“god bless good King George,” said Man Friday to Crusoe.
Of course he was referring to King George III, not our patron saint who, incidentally, is also the patron saint to other countries throughout the Mediterranean. With the sparse press coverage and lack of activity do our young people know when St George’s Day is? Is it in the school curriculum or is it another piece of our lost heritage?
In the 1950s and 60s when I was a member of the 1st Batley Boy Scouts we had a gargantuan parade on St George’s Day, with over a thousand people representing many clubs, institutes and societies.
Being the 1st troop, we led the march. On one occasion I had the privilege of being the St George flag bearer leading the retinue from Batley to Birstall Parish and back after the service.
Nowadays the modicum of people attending is hardly noticed.
In contrast in March there was an ebullience of our Irish people who proudly entertained St Patrick’s Day; Guinness slogans and large hats were abundant.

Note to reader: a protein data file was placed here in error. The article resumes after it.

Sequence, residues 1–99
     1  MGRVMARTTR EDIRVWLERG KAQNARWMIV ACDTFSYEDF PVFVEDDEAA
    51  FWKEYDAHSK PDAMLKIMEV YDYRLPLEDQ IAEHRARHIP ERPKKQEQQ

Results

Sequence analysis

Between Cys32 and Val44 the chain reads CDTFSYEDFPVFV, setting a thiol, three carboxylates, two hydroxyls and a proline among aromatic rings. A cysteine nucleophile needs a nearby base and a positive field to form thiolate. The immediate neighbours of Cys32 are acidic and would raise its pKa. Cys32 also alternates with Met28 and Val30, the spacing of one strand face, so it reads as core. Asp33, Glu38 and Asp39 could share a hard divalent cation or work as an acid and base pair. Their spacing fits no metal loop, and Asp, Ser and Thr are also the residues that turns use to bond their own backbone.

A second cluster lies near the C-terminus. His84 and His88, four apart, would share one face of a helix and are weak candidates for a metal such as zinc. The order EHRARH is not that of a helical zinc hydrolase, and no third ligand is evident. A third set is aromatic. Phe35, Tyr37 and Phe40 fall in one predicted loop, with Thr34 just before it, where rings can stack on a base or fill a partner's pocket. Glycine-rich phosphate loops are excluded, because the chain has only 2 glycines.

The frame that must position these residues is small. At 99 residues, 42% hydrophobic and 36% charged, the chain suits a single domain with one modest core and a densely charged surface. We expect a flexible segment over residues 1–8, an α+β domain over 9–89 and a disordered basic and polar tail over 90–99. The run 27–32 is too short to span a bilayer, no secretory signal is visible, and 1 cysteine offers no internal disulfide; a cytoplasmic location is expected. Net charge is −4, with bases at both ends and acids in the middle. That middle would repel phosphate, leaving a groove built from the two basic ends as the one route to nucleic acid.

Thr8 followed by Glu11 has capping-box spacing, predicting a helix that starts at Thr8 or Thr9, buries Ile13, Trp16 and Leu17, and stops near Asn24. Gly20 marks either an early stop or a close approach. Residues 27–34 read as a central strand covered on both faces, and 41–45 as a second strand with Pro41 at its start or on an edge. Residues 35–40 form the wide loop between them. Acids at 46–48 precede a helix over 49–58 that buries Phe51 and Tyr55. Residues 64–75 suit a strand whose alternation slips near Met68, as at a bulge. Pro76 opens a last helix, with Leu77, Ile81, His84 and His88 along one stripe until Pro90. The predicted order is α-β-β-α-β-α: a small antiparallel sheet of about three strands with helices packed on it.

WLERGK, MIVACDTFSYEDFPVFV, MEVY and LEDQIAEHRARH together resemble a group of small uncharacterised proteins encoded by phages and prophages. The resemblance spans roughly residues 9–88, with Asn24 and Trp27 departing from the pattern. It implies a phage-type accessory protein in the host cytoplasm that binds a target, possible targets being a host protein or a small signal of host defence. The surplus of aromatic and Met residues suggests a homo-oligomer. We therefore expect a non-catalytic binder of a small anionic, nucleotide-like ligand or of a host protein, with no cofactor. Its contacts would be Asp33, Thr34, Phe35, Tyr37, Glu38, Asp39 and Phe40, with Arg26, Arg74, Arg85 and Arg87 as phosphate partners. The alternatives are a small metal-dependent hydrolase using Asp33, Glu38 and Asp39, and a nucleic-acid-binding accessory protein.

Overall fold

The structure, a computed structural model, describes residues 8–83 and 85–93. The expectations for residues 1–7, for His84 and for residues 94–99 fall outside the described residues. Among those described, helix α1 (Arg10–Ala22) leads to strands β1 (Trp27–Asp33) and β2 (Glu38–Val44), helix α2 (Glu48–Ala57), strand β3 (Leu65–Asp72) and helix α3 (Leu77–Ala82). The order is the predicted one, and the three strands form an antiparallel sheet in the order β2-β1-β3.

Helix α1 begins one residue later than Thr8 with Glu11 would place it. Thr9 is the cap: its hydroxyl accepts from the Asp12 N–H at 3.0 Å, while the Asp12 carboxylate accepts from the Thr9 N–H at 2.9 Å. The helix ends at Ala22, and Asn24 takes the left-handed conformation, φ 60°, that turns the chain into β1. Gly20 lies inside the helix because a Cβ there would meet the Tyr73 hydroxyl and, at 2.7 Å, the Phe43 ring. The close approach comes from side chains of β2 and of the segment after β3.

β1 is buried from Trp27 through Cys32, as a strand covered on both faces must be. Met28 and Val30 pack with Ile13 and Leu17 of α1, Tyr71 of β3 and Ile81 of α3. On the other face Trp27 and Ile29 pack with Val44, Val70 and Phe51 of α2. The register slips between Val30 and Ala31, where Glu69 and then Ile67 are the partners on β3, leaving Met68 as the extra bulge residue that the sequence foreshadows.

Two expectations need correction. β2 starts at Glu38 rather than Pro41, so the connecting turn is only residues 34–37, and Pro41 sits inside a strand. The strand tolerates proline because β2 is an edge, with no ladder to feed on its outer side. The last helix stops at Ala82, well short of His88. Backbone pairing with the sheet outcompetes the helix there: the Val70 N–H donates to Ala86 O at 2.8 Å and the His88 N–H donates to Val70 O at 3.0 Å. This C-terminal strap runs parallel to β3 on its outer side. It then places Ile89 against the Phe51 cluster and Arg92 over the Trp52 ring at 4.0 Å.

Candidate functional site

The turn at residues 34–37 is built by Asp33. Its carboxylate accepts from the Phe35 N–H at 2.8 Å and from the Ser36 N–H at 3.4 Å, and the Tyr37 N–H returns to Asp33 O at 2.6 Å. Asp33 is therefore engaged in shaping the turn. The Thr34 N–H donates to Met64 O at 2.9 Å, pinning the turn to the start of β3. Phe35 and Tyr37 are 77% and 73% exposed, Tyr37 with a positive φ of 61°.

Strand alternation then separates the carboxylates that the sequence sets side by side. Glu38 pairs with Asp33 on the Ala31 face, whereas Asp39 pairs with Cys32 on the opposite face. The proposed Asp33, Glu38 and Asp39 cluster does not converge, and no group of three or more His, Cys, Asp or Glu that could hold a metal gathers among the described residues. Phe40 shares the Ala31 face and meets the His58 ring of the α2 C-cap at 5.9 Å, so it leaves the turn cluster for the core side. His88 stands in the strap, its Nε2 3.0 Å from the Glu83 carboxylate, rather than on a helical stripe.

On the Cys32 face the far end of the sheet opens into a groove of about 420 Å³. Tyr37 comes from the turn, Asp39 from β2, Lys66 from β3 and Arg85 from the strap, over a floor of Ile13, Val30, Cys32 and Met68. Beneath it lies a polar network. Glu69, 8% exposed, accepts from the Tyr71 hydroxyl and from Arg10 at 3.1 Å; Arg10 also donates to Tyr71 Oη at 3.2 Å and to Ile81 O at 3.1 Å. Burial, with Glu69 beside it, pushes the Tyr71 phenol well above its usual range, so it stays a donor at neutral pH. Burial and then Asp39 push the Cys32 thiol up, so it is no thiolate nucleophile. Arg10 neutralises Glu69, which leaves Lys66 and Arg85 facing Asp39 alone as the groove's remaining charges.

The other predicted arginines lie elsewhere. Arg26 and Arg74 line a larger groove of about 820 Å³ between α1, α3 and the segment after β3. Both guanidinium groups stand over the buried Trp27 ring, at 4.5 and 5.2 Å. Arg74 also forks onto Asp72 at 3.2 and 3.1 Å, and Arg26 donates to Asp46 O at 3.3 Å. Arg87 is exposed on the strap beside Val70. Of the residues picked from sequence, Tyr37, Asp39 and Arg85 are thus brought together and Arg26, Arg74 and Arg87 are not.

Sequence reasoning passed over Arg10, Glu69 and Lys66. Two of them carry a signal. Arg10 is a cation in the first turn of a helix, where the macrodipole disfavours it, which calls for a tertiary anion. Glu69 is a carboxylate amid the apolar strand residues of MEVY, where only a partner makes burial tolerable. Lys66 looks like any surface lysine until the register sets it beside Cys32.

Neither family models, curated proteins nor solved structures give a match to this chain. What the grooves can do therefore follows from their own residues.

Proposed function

So why are the indigenous folk and those of Wales and Scotland — whose patron saints are St David and St Andrew — falling silent? My wife, who is a Scot also wonders why.
I asked one publican why St George was not truly celebrated. The reply was it would lead to violence? Is this the sad world we are now living in, or are there still many who believe such statements have no substance within our society.
As it was said: “I was born British but, by the grace of God, I am an Englishman”.